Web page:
• CT of the abdomen and pelvis with oral contrast should be obtained in any patient with suspected bowel injury or signs of peritonitis;
  • Immediate open repair and resection may be needed to avoid continued leakage of bowel contents;
  • In rare cases, percutaneous drainage may be used to create a controlled leak resulting in a fistula. Usually in cases of very delayed presentation;
  • General surgical consultation recommended in all cases.

Fortunately, direct vascular injury during laparoscopic dissection is a rare event. The use of blunt trocars, small instrumentation, limitations on surgical speed, and magnification of the surgical field combine to decrease this potential problem. Vascular injury can include abdominal wall vessels such as the inferior epigastric, intraperitoneal, or retroperitoneal vasculature.

Management of an injury to the inferior epigastric vessels includes: direct identification and clipping or cutting down to the vessel and ligating it. In most cases, identification of the injury occurs when blood is seen dripping around a port. In these cases, the surgeon can put a large “figure-of-eight” suture through and through the abdomen to compress the vessels. The surgeon can then complete the procedure and address the injury at the completion of the case. The suture is unlikely to be adequate in the long run and the authors suggest that one should cut down on the port site and formally ligate the vessels to avoid the delayed development of a rectus sheath hematoma or even intraperitoneal hemorrhage.

In almost all cases of radical cystectomy for bladder cancer, a pelvic lymphadenectomy is performed. It is during this portion of the operation when a vascular injury may occur.
This is particularly the case when gross, bulky lymphadenopathy is encountered. When a vascular injury occurs, the surgeon can undertake several steps to resolve the bleeding and these are dictated by whether an artery or vein is injured. In most all cases of venous injury, control can be achieved via the laparoscopic/robotic approach even with injury to larger vessels such as the iliac veins or vena cava. First, the pneumoperitoneum pressure can be raised to 20 mm Hg, thereby slowing or stopping any venous bleeding. If the injury is small, it may respond to simple tamponade and formal repair may not be necessary. Injuries to larger vessels and large venotomies should be repaired with a 4-0 or 5-0 vascular suture. The first step is simply to apply pressure to the opening. With five minutes of continuous pressure, a suitable platelet plug will form and allow for suture repair of most venotomies, including the vena cava. In addition, a hemostatic patch, fibrin glue or other hemostatic agents can be used.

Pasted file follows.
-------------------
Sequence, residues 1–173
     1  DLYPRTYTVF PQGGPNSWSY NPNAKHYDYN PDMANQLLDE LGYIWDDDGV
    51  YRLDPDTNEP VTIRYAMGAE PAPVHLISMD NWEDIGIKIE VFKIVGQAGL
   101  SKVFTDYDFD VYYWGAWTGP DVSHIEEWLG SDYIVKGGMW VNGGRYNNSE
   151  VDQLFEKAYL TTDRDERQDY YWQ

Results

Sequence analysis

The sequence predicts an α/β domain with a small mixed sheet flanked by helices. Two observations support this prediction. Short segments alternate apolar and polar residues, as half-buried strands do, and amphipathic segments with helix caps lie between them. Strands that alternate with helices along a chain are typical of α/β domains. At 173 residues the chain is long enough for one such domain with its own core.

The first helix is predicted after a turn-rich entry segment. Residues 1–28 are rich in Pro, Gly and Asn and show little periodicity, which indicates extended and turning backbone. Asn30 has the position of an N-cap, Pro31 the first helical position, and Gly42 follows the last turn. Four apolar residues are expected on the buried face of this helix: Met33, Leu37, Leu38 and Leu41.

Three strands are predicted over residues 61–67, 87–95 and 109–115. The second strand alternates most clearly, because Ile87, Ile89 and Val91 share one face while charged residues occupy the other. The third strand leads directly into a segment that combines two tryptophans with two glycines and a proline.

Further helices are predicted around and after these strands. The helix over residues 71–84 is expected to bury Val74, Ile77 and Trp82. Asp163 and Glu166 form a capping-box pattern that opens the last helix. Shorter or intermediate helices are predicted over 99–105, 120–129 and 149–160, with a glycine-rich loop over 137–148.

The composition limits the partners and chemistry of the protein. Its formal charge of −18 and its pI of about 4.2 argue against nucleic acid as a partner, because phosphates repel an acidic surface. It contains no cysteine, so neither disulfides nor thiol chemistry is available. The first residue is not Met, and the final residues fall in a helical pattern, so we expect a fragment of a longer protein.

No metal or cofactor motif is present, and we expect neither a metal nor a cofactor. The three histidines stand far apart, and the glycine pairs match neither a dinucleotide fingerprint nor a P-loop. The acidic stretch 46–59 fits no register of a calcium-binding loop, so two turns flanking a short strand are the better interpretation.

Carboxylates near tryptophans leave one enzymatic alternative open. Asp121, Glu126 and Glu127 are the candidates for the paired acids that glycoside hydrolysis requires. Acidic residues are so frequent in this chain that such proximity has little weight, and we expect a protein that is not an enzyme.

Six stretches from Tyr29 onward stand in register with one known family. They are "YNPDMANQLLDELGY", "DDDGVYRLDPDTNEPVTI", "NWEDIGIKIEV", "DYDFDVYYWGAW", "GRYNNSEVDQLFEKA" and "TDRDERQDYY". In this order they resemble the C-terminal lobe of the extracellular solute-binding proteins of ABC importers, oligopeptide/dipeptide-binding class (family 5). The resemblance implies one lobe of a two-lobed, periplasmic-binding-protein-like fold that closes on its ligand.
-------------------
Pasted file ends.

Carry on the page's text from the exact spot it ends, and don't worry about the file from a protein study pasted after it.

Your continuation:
In cases of small arteriotomies or small artery avulsion, clipping or suture ligation may be possible. In most cases of significant arterial injury, laparoscopic control is not possible and immediate conversion to an open approach with rapid vascular control is recommended. Open conversion should not be avoided or thought of as failure, but instead should be considered good judgment. Vascular surgical consultation may be required. Fortunately, this scenario is rare as the arterial vessels are resilient and more forgiving than the venous structures.


  • Be aware of the vascular anatomy of the pelvis;
  • Sharp dissection along the pelvic vessels when bulky lymphadenopathy is encountered;
  • Directly visualize all movements along the pelvic vessels.


  • Have a laparoscopic vascular tray including laparoscopic bulldogs and clamps as well as vascular suture close by when encountering difficult anatomy;
  • Intracorporeal repair and suturing should be attempted on venous injuries;
  • Immediate open conversion and vascular control is recommended if significant hemorrhage is encountered.

Post-operative ileus (POI) is the most common reported postoperative complication after open radical cystectomy. It is often defined as delay of return of bowel function greater than four days.55,56 Although laparoscopic surgery theoretically minimizes peritoneal irritation and surgical manipulation of the abdominal contents, POI is still the most common complication following LRC/RARC. Delayed return of gastrointestinal motility may result in pain, abdominal distension, nausea and vomiting. In addition, POI often results in an increased length of hospital stay.55 Different factors have been postulated to contribute to the induction and maintenance of an ileus; however the etiology is not completely known. Urine leak following urinary diversion is often a contributing factor to POI.56